Emergency oil pan puncture repair

Discussion in 'The Garage' started by mcbooya, Sep 24, 2019.

  1. mcbooya

    mcbooya Enginerd

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    I hit a rock on the COBDR 30 miles outside of Gunnison, CO, which put about a 1/2" area dent and hole in my oil pan, causing a large leak. The aluminum got press in so there is about 1/8" gap in a semi circle in the dented area.
    Any tips on a repair? Would JB weld work good enough to continue on the trip? How long do I really need to let it cure before driving again? My thought is to clean it up, rough it up, JB weld, add oil. But if there are better ideas I would like some advice.
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  2. Suncoaster

    Suncoaster Been here awhile Supporter

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    I'd be interested in the JB weld solution.
    I successfully used muffler putty on a car oil pan once.
    It lasted for weeks until I could replace the sump, which had a long crease and split.
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  3. simestd

    simestd Packet plumber Supporter

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    Can you attach a picture of the punctured area? You're on the right track with the steps, but I would clean, then scuff, then really clean then JB Weld. For cleaning, brake cleaner is an excellent degreaser and will leave no residue. From the forecast, it's supposed to be in the 30s tonight where you are - any chance of letting the repair cure overnight in a warm environment?
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  4. simestd

    simestd Packet plumber Supporter

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  5. Yinzer Moto

    Yinzer Moto aka: trailer Rails Supporter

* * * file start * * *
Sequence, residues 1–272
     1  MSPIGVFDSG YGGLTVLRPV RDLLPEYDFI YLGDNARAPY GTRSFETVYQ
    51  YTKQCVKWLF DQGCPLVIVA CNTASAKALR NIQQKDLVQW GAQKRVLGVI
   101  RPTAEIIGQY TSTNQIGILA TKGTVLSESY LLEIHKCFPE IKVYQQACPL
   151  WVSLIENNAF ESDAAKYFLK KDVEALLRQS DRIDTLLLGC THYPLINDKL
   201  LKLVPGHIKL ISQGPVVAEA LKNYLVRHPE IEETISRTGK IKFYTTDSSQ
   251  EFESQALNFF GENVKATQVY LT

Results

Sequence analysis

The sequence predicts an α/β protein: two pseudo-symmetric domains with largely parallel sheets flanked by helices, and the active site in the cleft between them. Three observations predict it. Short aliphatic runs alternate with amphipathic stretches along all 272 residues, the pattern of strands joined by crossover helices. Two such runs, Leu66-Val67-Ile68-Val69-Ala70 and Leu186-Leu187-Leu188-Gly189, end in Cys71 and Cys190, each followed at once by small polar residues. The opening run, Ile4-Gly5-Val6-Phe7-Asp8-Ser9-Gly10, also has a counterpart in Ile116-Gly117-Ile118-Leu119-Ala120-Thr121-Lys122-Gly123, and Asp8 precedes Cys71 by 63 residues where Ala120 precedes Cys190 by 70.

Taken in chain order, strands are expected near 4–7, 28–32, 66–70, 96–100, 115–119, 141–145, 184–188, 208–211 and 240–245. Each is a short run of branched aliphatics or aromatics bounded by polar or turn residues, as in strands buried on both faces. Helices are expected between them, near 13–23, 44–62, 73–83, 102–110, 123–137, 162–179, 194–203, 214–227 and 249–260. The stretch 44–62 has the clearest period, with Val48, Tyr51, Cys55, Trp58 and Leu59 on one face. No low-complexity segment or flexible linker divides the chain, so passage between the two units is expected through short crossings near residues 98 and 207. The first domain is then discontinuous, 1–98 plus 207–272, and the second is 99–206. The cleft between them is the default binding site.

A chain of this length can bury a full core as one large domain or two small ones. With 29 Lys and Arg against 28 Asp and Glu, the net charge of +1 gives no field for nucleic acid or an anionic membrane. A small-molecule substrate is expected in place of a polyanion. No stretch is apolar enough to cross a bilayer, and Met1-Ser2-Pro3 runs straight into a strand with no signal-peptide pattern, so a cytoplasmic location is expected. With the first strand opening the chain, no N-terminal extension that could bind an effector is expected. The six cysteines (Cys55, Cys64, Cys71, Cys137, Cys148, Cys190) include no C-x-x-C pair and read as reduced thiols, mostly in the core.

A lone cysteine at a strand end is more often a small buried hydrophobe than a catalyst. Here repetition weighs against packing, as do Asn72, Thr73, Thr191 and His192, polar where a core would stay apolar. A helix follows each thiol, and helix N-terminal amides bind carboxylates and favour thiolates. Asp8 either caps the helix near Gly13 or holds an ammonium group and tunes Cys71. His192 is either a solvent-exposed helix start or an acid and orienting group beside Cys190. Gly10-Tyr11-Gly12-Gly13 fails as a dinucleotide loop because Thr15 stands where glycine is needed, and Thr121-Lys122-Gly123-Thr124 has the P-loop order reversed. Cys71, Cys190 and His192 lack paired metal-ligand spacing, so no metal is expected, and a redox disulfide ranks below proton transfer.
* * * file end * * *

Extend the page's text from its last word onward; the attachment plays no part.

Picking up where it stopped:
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    The JB weld putty will work great for that. It may seep a slight amount of oil but will not be enough to worry about. Read the directions on cure time, the JB putty only takes about 10 minutes to be ready to go. The regular epoxy has a longer cure time and will be difficult to to apply to a surface that is not facing up.

    A buddy ripped a nickel size hole in his case in remote Mexico mountains. We cleaned it up as well as we could but we did not have anything to degrease it properly with. We just patched it up. He rode 10 more days like that. It started leaking a little worse at the end of the trip.

    I bought a new bike and punched a hole in the clutch cover on the first ride. Cleaned it well and applied JB Weld. Rode it for 2 years without an issue before selling the bike.
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  6. kasuckmo

    kasuckmo Been here awhile

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    upload_2019-9-25_7-6-46.jpeg upload_2019-9-25_7-6-46.jpeg upload_2019-9-25_7-6-46.jpeg
    #6
  7. mcbooya

    mcbooya Enginerd

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    Thanks, I am going to try the JB stikweld. I got a ride into town, so am thinking I will get a truck and haul it in to a better work place,maybe take that pan off and putty it up.
    The crack is difficult to see from a pic,it's tucked up in one of the recesses in the bottom of the pan.
    #7
  8. Kyron

    Kyron Oncler Inds

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    I like to epoxy a patch made from a can to cover the hole then epoxy over all of it

    use brake cleaner for sure!
    #8
  9. simestd

    simestd Packet plumber Supporter

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    I'd take a couple hours and try to patch it without removing the pan first. There's a good chance you can patch it well enough to continue your trip. The stuff you're using sets in 3-5 minutes and cures in an hour so be prepared (and maybe lay the bike on it's side for access). Clean the crack and try to push at least some material into the crack itself first while the putty is most flexible and then smooth the rest over the area. Have a meal while it cures, fill with oil and go for a test ride. :thumbup

    If you do take the pan off, a trick to increase your chances of not tearing the gasket so it can be reused is to only loosen each fastener 1 or 2 turns from tight and then gently whack all the edges of the pan in the shear direction (WRT the gasket) with a rubber mallet, block of wood or similar. Of course this technique works best with a replacement gasket on the bench beside you :doh

    Good luck!
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  10. Motomantra

    Motomantra Registered Lurker

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    J B (& others) makes a putty that you nead to activate. I carry it in my tool kit.
    I have made permanent repairs like this by removing the part & spooging regular J B from both sides. Must be very clean & dry.
    #10
  11. katbeanz

    katbeanz earthbound misfit, I Supporter